Drawing on field work conducted at the Lizard Island Research Station, a large team of ecologists and engineers has developed a relatively simple way to standardize how habitat complexity is measured.

The research, recently published in Nature, Ecology and Evolution, begins with a simple insight: places with lots of nooks and crannies contain lots of living things—that old brick-pile in the backyard has far more critters than the concrete driveway. It is the same in natural habitats, from the abyssal trenches to the tops of mountains, from coral reefs to the tundra. Habitats range from relatively simple, flat surfaces to highly complex three-dimensional structures. The new approach allows us to understand how structural changes to land and seascapes (such as those that occurred during the recent cyclone and bleaching events at Lizard Island) will alter ecosystems. With its intricate organic forms, coral reefs provide a rich environment in which to develop new insights into measurement of habitat complexity.

Coral reefs form complex habitat with many nooks and crannies,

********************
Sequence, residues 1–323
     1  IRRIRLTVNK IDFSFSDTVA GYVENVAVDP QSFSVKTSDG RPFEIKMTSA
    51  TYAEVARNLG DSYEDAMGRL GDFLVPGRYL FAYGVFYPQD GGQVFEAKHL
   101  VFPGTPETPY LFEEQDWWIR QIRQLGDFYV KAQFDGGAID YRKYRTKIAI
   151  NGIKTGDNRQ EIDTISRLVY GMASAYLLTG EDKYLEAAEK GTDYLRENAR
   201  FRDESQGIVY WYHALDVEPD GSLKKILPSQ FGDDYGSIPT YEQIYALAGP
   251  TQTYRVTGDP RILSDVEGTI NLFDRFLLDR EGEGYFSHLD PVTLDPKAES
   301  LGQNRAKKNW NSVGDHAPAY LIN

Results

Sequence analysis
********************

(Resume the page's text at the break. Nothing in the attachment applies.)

The LIRRF is strongly invested in the long-term project behind this research. The lead author, Damaris Torres-Pulliza (University of Hawai’i), was the 2017 Ian Potter Doctoral Fellow and co-author Viviana Brambilla (University of St Andrews) received the same award in the following year. The overall project is led by Dr Maria Dornelas (University of St Andrews) and Dr Joshua Madin (University of Hawai’i). They conducted their own PhD studies at Lizard Island in the early 2000s while at James Cook University. The current project has its roots in that work and it now includes collaborators from the University of Sydney, Macquarie University, James Cook University and other institutions. The long-term data on corals collected by this group is immensely valuable because it covers a period of enormous change, with reefs experiencing increasingly frequent disturbances associated with climate change and other human impacts. The LIRRF is funding this project for the next three years thanks to a generous donation from the Charles Warman Foundation.